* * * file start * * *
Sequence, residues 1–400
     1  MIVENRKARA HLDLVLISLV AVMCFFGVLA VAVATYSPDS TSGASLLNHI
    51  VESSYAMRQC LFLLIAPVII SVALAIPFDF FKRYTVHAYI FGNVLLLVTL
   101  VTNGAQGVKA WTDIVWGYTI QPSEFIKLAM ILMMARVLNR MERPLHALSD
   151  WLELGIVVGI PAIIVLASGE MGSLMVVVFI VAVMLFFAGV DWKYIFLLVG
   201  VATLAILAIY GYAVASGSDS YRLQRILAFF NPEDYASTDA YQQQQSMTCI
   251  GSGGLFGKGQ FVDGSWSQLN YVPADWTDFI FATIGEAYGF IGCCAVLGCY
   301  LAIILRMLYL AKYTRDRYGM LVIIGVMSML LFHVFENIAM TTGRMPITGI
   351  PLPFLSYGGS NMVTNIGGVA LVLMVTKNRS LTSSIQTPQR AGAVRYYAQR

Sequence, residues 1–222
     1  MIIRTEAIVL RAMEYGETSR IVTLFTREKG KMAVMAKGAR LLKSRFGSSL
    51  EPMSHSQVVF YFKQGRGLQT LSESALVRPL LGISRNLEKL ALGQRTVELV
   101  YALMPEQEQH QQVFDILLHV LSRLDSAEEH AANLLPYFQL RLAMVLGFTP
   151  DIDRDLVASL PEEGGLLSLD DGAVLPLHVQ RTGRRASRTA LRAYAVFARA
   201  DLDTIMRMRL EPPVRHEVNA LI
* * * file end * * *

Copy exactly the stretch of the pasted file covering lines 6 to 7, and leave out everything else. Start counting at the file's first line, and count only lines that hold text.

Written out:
   201  VATLAILAIY GYAVASGSDS YRLQRILAFF NPEDYASTDA YQQQQSMTCI
   251  GSGGLFGKGQ FVDGSWSQLN YVPADWTDFI FATIGEAYGF IGCCAVLGCY